I think it’s safe to say, every parent’s goal is to help their child develop the belief that they are capable and equip them with the skills to make the right choices. But no one is perfect, and kids will make mistakes.

Susan Bartell from US News said, “Mom and dads don’t realize that punishment is actually the least effective form of discipline. This is because for a parent it generally comes from a place of anger and frustration, and so for the child it communicates a parent’s displeasure for a behavior, but it doesn’t teach the child a better way to behave.”

If your child is a fairly well-behaved kid, when they misbehave you question everything. Are they going through a phase? Are they hanging out with someone who is influencing this behavior? Should you sit them down and have a long talk? The reality is there is no concrete answer. However, parents can be proactive and feel better about their better-behaved kids if they create a solid foundation by practicing positive discipline. Here are a few ways parents can do this:

Stop Treating the Action Like a Symptom

Get to the root of the issue. Maybe your child started a new school and they’re acting out. Instead of coming down on them, assess the situation. Look into social gatherings, affiliated with the school, that you can do together. If they see you trying, then they will be more willing to socialize. Or maybe a loved one passed away and your child is dealing with the loss by being mean to others. Invest in your child and have some one-on-one time with them. Helping your child process their feelings will keep them from feeling isolated.

Stop Controlling Them

Equip your child with choices and independence. Yes, they need to get their homework completed and clean up their room; however, it doesn’t have to be in that order. Allow your child to be independent and make their own choices. You can teach routine and priorities without being overbearing.

If they need a little nudge, be helpful versus militant. For example, if your child needs to clean their room, ask them if they need a garbage bag or if they need Clorox wipes. Ultimately, you’re being a leader and not a controller.

Make Quality Time a Thing Every Day

Your child will feel more loved and worthy if you communicate with them every day. Now communication doesn’t mean you ask them to do their chores or other responsibilities. Instead communication means having meaningful conversations with your child.

Put away your phone, turn off the TV, and look each other in the eyes. Need some icebreaker questions? Try – “What was your favorite part of your day?” “What did you eat for lunch?” “What are you learning in [insert subject]?” “What do you want to do this weekend?”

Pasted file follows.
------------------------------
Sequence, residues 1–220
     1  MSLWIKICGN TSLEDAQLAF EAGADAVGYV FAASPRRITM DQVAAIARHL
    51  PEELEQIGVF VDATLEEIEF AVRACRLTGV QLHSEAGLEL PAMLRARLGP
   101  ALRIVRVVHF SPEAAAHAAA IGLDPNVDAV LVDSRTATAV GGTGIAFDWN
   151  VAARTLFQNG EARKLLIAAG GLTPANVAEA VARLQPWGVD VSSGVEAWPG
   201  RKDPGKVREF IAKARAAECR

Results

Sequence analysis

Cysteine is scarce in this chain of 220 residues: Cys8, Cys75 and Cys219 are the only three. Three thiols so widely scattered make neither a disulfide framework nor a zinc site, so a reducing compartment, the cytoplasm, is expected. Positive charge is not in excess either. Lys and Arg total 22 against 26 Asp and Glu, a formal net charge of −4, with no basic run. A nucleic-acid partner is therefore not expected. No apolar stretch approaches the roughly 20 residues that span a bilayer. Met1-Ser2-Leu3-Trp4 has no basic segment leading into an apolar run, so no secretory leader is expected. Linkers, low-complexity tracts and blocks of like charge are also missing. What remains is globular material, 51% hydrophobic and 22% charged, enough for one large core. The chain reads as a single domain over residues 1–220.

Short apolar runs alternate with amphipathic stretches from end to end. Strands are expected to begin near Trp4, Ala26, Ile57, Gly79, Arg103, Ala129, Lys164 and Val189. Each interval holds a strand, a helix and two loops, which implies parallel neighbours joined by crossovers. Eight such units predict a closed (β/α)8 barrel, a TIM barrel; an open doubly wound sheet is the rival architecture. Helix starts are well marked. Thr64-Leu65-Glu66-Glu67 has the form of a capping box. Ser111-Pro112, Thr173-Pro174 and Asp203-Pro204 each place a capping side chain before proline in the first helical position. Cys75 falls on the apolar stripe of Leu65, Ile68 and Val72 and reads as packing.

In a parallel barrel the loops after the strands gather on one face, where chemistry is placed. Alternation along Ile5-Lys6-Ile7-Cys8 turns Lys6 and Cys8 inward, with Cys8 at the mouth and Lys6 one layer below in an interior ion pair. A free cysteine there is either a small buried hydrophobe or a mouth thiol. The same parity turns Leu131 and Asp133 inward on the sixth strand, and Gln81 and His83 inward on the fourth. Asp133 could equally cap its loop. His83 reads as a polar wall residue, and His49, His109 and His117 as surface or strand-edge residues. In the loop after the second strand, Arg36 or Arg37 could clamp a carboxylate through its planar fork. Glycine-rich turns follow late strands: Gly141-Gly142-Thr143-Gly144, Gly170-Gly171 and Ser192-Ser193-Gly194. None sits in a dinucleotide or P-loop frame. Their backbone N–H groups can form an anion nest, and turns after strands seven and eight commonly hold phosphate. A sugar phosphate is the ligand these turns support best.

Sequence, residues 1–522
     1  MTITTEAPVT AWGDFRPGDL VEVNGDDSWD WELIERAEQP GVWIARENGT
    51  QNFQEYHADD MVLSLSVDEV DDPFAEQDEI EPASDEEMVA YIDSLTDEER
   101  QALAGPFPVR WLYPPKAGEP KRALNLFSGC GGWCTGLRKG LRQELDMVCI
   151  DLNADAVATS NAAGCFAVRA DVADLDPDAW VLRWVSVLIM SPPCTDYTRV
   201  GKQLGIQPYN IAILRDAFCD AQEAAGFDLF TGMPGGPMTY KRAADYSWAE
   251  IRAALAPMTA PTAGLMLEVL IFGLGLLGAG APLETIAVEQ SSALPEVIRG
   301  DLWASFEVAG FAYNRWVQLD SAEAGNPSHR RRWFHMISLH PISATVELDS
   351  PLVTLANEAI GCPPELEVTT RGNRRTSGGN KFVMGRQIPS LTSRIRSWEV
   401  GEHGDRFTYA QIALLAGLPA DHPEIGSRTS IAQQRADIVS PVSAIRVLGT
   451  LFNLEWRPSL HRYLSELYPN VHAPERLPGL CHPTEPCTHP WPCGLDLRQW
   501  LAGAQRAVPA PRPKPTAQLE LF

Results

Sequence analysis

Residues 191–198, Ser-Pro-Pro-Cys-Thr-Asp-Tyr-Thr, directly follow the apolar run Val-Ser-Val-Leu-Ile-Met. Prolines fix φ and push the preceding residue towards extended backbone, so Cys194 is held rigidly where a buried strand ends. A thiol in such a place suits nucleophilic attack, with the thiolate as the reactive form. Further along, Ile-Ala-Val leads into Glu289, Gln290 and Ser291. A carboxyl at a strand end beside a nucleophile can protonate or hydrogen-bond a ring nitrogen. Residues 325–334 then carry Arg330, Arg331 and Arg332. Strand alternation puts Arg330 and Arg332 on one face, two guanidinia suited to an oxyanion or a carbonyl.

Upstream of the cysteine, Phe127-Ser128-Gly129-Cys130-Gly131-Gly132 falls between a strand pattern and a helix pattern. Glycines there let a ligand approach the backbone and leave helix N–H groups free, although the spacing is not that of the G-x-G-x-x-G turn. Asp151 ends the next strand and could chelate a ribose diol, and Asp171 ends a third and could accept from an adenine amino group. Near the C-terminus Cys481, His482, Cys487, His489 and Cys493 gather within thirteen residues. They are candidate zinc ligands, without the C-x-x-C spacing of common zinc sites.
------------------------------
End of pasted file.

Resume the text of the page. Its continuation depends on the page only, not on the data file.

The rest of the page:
Your child will appreciate your time and feel like a priority.

Stop Shaming Mistakes

Morgan Harper Nichols wrote one of my favorite poems. “This is the season she will make beautiful things. Not perfect things but honest things that speak to who she is and who she is called to be.” Sometimes mistakes open the door for even better things to happen and other times mistakes are valuable lessons.

Instead of shaming your child for making a mistake, encourage them to own it. Be honest and open to your child about mistakes – let them know everyone makes errors. Nevertheless, these blunders are not flaws – they are part of life. And it’s important for our children to understand that they are not less of a person because of these oversights.

Value Their Voice

Parents, teachers, coaches and other role models are integral when it comes to voice and value. If a child isn’t invited to share their voice, they’ll never fully understand how to incorporate constructive criticism in the future. There are some simple ways parents can value their child’s voice. Try: When creating family rules, invite your child to speak up and share their point of view. If your family meal plans, ask your child what they would like to eat. Or maybe your family is embarking on some fall cleaning before the holidays, have a family meeting and ask your child which chore they would like to head up.

Implement Respect & Love

The goal as a parent is to have a household where your child respects you. Overall you want them to believe what you are saying. This means communicating without yelling, sharing praise, understanding fairness amongst siblings, set boundaries and telling the truth at all times. Having these standards will teach your children family values and help them better understand (and create) healthy relationships.

Chores

Assigning chores to everyone in the household is a great way to teach productivity. Obviously, chores should match a child’s age. For example, you wouldn’t let your 4-year-old vacuum, but they can sweep up the crumbs from dinner. While kids are not going to line up or ask for more chores, the completion of tasks will reinforce a capable mindset and promote unity within the household.

Additional Chores

To piggy back on top of number seven, if your child acts up then you can assign additional chores as a consequence. It’s apparent that your child isn’t going to be thrilled by completing extra tasks; however, the constructiveness is a positive spin versus making them write lines like Bart Simpson or sitting inside the house without privileges. Boredom shouldn’t be the consequence.

Parenting is a proactive process. When it becomes a reactive process, things can get overwhelming and fuzzy. Implementing positive discipline, when you are parenting better-behaved kids, is a great way to stay ahead and help your child thrive. Instead of micro managing your child’s actions, it’s important to equip them with the resources and fundamentals to grow into a self-sufficient adult.

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